It’s loading day at Salaam Cultural Museum (SCM). Rita Zawaideh watches alongside a group of volunteers as a 40-foot container truck backs into a small Seattle street. The sidewalk is lined with boxes full of donated humanitarian goods, old bicycles, crutches and wheelchairs. They are part of a shipment headed to Jordan, where the supplies will be distributed to Syrian refugees.
According to the United Nations Office of Coordination of Human Affairs, the refugee crisis caused by the war in Syria is the world’s worst humanitarian crisis in the last 25 years. During the five years of the conflict, more than 250,000 Syrians have lost their lives and more than 4.8 million have been forced to flee their country under threats of bombings. Over 13.5 million people have been displaced from their homes — that’s nearly 20 times the number of people currently living in Seattle.
For the last five years, the small Seattle nonprofit, SCM, has mobilized volunteers around the world to provide humanitarian aid to Syrian refugees living in dire conditions at camps in Jordan and Greece.
Entrepreneur and longtime activist, Zawaideh is the founder of SCM.
“I have lived in Syria during the time of the first war of the father,” says Zawaideh, referring to the similarly violent Syrian conflict that occurred during the reign of the father of the current president, Bashar al Assad. “I know what it’s like to have a barrel of a tank in your living-room window and people being killed so that [when] I am walking down the street, I am actually literally walking over bodies.” Jordanian-American, Zawaideh spent about 10 years in Syria and saw the toll of war firsthand.
Zawaideh was determined to do something when the current conflict began, so she returned to Jordan to see how she could help.
“At that point, I ended up meeting some Syrian-American doctors that were there,” says Zawaideh. “They were trying to do the same thing as I was.”
The group of doctors and Zawaideh decided to collaborate, which led to Zawaideh establishing SCM Medical Missions.
“We started doing medical missions every 45 days into Jordan. And we did that for about four years, going out with the doctors that would volunteer.”
I know what it’s like to have a barrel of a tank in your living-room window and people being killed...
With no end to the Syrian conflict in sight, the refugees are in a precarious position.
“We know this is going to be more permanent,” says Zawaideh. “We have no idea if it’s a year, two years, what’s going to happen. So, we have established a school, we have established a clinic [at the camps].”
Along with doctors, SCM also organizes volunteers from around the world to go on humanitarian missions to help refugees living in the camps. Sarah Hassaine was one of the volunteers on an SCM medical mission to Greece. During her one-week mission, Hassaine worked at three refugee camps: Iliadis, Frakapor, and Karamanlis.
“I think the challenge also — when you’re a volunteer — is that [refugees] turn to you for answers,” says Hassaine.
“They’ll ask you, ‘When are we leaving? When are we moving? Do you know when the borders are going to open?’ and it can be hard because you don’t have those answers.”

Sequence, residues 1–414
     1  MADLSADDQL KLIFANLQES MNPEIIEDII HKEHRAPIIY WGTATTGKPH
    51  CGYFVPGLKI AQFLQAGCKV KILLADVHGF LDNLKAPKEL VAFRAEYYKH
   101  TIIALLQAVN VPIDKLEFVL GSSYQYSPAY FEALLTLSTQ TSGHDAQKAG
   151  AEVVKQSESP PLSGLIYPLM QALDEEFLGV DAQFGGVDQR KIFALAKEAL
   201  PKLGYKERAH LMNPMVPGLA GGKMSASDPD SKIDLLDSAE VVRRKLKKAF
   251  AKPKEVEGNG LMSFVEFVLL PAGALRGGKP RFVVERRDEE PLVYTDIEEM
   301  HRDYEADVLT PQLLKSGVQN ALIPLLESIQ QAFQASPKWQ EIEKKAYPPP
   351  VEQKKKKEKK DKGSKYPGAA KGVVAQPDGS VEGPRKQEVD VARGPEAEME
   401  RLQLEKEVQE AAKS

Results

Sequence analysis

Aside from working as a translator at the clinic, Sarah taught at the camp school.
Back in Seattle, a team of volunteers is preparing the next shipment of goods to the refugee camps.
The boxes they are packing include clothing, blankets, school bags and school supplies — all donated by individuals and organizations from across the U.S.
Linda Richmond is managing the current shipment at SCM. She first began working with the organization as a volunteer about a year ago.
Richmond picks up a handmade backpack out of one of the boxes. “These bags are made by people from all over the country, [working] with Quilts Beyond Borders, QBB,” she says.
Along with kids’ backpacks, QBB has also sent boxes full of handmade quilts, and hand-knit clothes.
“They put little tags on them [with notes saying] ‘from Aunt Mary’, you know ‘we love you’, ‘we are thinking of you.’” Says Zawaideh.
Another organization has donated crutches, wheelchairs and bicycles.
SCM Medical Missions has been sending shipments like these to refugees across the ocean about every three months, depending on funding and amount of donations received.
On loading day, a team of volunteers has gathered in Seattle to help load the collected donations onto the container, which will make its way to Jordan after a journey spanning months.
Zawaideh and her team has been working nearly fulltime for about five years now. When asked how long they are prepared to continue their work, Zawaideh answers, “As long as it takes, you can’t give up.” She pauses and adds, “[until] we see that the world has finally decided to do something [to change the situation for the refugees].”
@Lailakaz — Laila Kazmi is an award-winning senior producer and writer at KCTS 9. Her first love is discovering and telling stories of diverse people, places, and history. She has lived in Karachi, Bahrain, Chicago, and Seattle. Laila is the series producer for Borders & Heritage, which features stories of immigrant and refugee experience in the Pacific Northwest and for Reel NW, featuring independent films from and about the Pacific Northwest. She also produces stories for IN Close and produced for PIE. Laila's video stories have appeared on KCTS 9, PBS NewsHour Art Beat, World Channel at WGBH, and KPBS. Her articles have been published in PBS NewsHour Art Beat, The Seattle Times, Seattle PI, COLORLINES, and Pakistan's daily Dawn.More stories by Laila Kazmi